and `j`

are set to `0`

.

**Pseudocode**

SearchKMP(text, pattern): # Compute LPS table for pattern lps = computeLPS(pattern) # Initialize pointers i = 0 # Current position in text j = 0 # Current position in pattern # Loop until end of text while i < len(text): # Case 1: Characters match if text[i] == pattern[j]: # Increment both pointers i += 1 j += 1 # If end of pattern is reached, report a match if j == len(pattern): print("Pattern found at index", i-j) # Reset j to previous matching prefix length j = lps[j-1] # Case 2: Characters do not match else: # Decrement j to previous matching prefix length if j > 0: j = lps[j-1] # Or increment i if there's no prefix else: i += 1

**Explanation**

**text = “BABABA”, pattern = “ABA”****LPS table** = **[0, 0, 1]**

Iteration | Value of i | Value of j | text[i] | pattern[j] | Pattern Found |

1 | 0 | 0 | B | A | No |

2 | 1 | 0 | A | A | No |

3 | 2 | 1 | B | B | No |

4 | 3 | 2 | A | A | Yes |

5 | 4 | 1 | B | B | No |

6 | 5 | 2 | A | A | Yes |

The loop works as follows:

- If i is equal to the length of the
`text`

, end the loop. - If the characters at
`i`

and`j`

match, increment both`i`

and`j`

. If`j`

is equal to the length of the`pattern`

, report a match at`i-j`

and reset j to`lps[j-1]`

. - If the characters at
`i`

and`j`

do not match, decrement`j`

to`lps[j-1]`

, or do nothing if`j`

is already`0`

. Increment`i`

in this case.

This implies that if we’re searching for the

in `pattern`

= "ABA"`text = "BABABA"`

, and we reach

and `text`

[3]`pattern[2]`

, we get a match. However now, we would set the `iterator j (traversing pattern)`

to `1`

ie `j = lps[2] = 1`

(instead of `0`

) and we could continue to search the remaining

. `pattern`

"BC"

This saves us the extra iterations by not resetting the `iterator j (traversing pattern)`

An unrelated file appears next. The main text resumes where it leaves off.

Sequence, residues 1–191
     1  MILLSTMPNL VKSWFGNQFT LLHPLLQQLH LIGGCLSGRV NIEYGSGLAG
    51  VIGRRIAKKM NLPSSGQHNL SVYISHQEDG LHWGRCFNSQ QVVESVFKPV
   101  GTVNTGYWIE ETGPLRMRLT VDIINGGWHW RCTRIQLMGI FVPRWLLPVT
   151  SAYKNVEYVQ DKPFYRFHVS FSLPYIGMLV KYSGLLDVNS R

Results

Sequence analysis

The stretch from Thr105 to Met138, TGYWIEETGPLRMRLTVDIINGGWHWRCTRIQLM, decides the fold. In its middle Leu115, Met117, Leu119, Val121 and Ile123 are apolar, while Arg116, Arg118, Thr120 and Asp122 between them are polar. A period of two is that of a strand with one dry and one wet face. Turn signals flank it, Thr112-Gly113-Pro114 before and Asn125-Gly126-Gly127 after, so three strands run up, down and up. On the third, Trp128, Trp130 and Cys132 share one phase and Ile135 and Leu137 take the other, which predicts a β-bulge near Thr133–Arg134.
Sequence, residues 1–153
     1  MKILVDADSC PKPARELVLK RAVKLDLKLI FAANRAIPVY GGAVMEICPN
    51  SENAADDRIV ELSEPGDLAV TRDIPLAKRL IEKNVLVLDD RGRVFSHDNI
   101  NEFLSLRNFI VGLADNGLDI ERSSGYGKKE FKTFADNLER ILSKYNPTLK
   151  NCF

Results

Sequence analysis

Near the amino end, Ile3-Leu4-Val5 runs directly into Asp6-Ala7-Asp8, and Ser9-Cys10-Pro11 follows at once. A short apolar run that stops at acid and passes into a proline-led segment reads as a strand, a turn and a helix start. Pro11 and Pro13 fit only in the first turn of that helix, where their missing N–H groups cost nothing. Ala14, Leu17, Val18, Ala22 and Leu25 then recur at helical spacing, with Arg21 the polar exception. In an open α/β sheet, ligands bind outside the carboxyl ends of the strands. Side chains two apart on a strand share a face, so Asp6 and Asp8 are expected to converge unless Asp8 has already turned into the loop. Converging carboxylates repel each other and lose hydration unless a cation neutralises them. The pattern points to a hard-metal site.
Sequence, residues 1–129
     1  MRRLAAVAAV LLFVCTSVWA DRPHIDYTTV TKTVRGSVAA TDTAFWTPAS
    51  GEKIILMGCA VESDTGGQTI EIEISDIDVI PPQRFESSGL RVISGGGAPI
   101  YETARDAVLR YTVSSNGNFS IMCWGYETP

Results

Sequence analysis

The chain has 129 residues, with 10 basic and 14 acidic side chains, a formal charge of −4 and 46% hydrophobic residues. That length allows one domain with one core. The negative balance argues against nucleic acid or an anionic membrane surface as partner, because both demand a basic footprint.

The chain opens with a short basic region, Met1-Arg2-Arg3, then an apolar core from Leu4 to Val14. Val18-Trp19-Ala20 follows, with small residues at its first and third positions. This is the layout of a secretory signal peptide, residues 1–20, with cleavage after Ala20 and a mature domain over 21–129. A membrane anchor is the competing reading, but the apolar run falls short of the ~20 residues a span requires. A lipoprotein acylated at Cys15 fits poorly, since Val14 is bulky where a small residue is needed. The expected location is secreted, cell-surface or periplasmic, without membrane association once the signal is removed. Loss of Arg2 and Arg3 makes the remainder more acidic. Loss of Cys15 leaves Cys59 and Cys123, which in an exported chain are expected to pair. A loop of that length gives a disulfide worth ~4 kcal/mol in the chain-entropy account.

to `0`

and `iterator i (traversing text)`

to `(i - j + 1) or i = 2`

.

**Code Implementation**

```
//
// main.cpp
// KMP Algorithm
//
// Created by Himanshu on 31/05/23.
//
#include <iostream>
#include <vector>
#include <string>
using namespace std;
vector<int> constructLPS (string pattern) {
int n = (int) pattern.length();
vector<int> lps(n, 0);
int j = 0;
for (int i = 1; i < n; i++) {
if (pattern[i] == pattern[j]) {
j++;
} else {
while (j > 0 && pattern[i] != pattern[j]) {
j = lps[j-1];
}
}
lps[i] = j;
}
return lps;
}
void kmpStringSearch (string text, string pattern) {
int n = (int) text.length();
int m = (int) pattern.length();
vector<int> lps = constructLPS(pattern);
int i = 0;
int j = 0;
while (i < n) {
if (text[i] == pattern[j]) {
i++;
j++;
}
//Since, j = m (size of pattern), we set j to lps[j-1]
if (j == m) {
cout<<"Pattern found at index "<< i - j<<endl;
j = lps[j-1];
} else if (i < n && text[i] != pattern[j]) {
if (j != 0) {
j = lps[j-1];
} else {
i++;
}
}
}
}
int main() {
string text = "BABABA";
string pattern = "ABA";
kmpStringSearch(text, pattern);
return 0;
}
```

**Output**

Pattern found at index 1 Pattern found at index 3

**Time complexity: O(m + n)****where m is the length of the pattern and n is the length of the text.**

Here’s a working code with step-by-step code run: KMP Algorithm